FireFly Aerospace and payload provider Millenium Space Systems have entered a 6 month “hot standby phase” for the Victus Nox mission out of Vandenberg Space Force Base in California.
During the next 6 months, both Firefly and Millenium could receive notice from the United States Space Force at any moment, which will kick off a series of events culminating in the launch of the Alpha launch vehicle.
The Firefly team now stands ready for the 24-hour callup for the @SpaceForceDoD #VICTUSNOX responsive space mission. We’ve officially entered the “hot standby phase” and wait to receive the notice to launch and final orbit requirements. pic.twitter.com/ApLAhWG8Nv
— Firefly Aerospace (@Firefly_Space) August 30, 2023
When that notice is received Millenium will have 60 hours to transport the payload to Vandenberg Space Force Base, fuel the payload for its stay in orbit, and integrate it onto the payload adapter.
Once that portion is complete, Firefly will await word from the Space Force of the payload orbital requirements, and once that’s received, they are given 24 hours to enclose the payload into the fairing, attach it to the Alpha rocket first stage, and move it to the launch pad. Once at the pad, teams will connect fueling lines and power links as they progress toward the launch.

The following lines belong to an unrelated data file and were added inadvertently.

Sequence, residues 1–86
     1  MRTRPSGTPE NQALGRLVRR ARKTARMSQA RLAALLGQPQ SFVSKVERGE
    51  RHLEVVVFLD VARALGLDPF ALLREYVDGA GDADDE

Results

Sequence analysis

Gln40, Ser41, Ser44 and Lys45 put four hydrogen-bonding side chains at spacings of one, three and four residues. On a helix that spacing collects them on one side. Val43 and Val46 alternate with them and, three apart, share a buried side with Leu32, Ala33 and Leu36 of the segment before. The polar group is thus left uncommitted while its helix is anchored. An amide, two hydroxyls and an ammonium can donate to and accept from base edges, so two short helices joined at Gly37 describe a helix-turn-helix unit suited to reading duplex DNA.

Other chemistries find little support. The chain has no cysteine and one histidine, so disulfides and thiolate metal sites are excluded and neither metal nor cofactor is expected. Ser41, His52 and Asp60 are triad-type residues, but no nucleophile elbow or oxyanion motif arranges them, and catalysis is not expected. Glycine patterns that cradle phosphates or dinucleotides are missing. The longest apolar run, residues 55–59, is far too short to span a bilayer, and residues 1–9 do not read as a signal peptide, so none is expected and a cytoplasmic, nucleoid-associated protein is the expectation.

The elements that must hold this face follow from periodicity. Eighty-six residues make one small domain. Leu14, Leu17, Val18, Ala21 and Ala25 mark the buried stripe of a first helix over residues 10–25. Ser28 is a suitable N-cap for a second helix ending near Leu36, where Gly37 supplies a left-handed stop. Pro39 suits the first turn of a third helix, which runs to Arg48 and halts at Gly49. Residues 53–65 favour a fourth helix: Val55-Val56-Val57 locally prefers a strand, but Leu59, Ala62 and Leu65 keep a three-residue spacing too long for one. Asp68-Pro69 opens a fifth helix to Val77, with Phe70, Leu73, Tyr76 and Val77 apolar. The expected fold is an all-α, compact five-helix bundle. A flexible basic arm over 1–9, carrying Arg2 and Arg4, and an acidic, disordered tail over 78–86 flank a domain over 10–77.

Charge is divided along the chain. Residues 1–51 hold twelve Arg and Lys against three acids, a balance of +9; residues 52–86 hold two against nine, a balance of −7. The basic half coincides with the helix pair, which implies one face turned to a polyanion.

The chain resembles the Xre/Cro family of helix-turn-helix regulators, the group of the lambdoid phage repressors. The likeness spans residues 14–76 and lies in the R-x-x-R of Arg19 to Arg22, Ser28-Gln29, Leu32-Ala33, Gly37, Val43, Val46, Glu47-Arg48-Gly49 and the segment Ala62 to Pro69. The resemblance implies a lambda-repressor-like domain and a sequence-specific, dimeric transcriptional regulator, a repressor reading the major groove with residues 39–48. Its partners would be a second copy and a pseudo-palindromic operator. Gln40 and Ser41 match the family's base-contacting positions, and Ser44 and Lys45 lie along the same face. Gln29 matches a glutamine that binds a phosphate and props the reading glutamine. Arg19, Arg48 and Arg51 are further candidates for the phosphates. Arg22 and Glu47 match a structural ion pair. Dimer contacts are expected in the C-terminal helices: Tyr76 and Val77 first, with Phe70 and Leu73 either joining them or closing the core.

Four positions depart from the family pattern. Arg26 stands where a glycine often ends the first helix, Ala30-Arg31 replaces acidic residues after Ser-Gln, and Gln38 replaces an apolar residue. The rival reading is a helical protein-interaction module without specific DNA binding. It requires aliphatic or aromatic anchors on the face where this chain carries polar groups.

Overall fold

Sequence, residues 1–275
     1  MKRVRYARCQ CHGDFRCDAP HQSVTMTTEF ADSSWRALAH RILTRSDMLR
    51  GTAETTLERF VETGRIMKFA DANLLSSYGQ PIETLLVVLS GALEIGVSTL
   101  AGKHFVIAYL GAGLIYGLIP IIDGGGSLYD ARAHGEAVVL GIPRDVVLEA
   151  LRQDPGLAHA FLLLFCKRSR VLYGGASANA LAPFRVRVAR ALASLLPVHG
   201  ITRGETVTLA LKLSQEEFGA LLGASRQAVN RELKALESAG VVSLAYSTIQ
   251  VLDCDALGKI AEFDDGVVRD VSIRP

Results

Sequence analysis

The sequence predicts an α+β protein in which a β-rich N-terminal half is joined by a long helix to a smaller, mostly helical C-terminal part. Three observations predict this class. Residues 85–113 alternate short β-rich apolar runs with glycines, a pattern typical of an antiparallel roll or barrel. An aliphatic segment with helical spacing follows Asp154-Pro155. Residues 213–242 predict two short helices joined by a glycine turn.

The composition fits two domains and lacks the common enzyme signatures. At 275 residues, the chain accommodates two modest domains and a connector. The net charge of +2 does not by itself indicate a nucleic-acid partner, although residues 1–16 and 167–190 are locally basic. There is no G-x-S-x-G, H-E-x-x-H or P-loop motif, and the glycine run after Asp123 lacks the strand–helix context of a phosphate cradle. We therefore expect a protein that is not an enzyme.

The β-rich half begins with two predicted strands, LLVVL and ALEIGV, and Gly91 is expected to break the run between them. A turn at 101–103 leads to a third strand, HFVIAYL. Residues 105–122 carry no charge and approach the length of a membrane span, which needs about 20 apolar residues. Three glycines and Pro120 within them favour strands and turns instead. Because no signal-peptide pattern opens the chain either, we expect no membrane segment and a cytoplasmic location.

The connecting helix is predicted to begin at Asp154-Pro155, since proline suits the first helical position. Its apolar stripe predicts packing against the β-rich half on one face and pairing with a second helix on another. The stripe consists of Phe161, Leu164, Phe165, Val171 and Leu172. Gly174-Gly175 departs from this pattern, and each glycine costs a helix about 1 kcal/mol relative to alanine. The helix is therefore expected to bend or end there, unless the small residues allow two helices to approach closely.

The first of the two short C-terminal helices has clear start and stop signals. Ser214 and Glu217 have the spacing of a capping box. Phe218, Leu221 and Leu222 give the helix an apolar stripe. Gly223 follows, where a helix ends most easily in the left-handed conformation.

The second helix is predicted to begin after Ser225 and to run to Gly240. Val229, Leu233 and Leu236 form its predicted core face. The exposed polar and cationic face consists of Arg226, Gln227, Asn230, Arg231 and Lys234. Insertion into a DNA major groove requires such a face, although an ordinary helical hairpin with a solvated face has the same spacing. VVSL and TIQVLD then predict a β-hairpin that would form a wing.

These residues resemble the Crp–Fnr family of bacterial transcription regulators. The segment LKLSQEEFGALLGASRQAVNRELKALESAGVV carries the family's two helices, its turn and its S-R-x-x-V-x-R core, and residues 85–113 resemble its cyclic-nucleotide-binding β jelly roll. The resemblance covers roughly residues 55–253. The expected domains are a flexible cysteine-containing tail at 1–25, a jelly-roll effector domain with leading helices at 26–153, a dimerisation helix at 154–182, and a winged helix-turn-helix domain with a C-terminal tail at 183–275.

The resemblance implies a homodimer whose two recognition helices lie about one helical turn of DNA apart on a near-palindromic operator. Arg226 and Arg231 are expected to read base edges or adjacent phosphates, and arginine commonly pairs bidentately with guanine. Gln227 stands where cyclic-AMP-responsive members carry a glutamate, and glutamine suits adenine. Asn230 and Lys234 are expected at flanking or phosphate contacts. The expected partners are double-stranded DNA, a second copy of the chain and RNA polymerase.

This won’t be the first run for Firefly and Millenium, as they have completed multiple rehearsals in preparation for this mission using a mockup satellite.
The Victus Nox mission is a Tactically Responsive Space mission led by Space Systems Command’s (SSC) Space Safari Program Office.
This will be the 3rd flight for Firefly’s Alpha rocket. The rocket has a bit of a mixed record, as the first flight failed after one of its 4 Reaver engines shut down 15 seconds after liftoff. With the loss of that engine, the vehicle was unable to maintain control, then started to tumble out of control and was blown up by the flight termination system. Debris from the explosion scattered over a wide area around the launch site as the lightweight carbon fiber composite body pieces floated to the ground.
The 2nd flight for Alpha was a partial success as the payloads were deployed to orbit. However, it was a lower orbit than planned, and all of the payloads de-orbited just days later. Firefly claims the mission was a success from their point of view.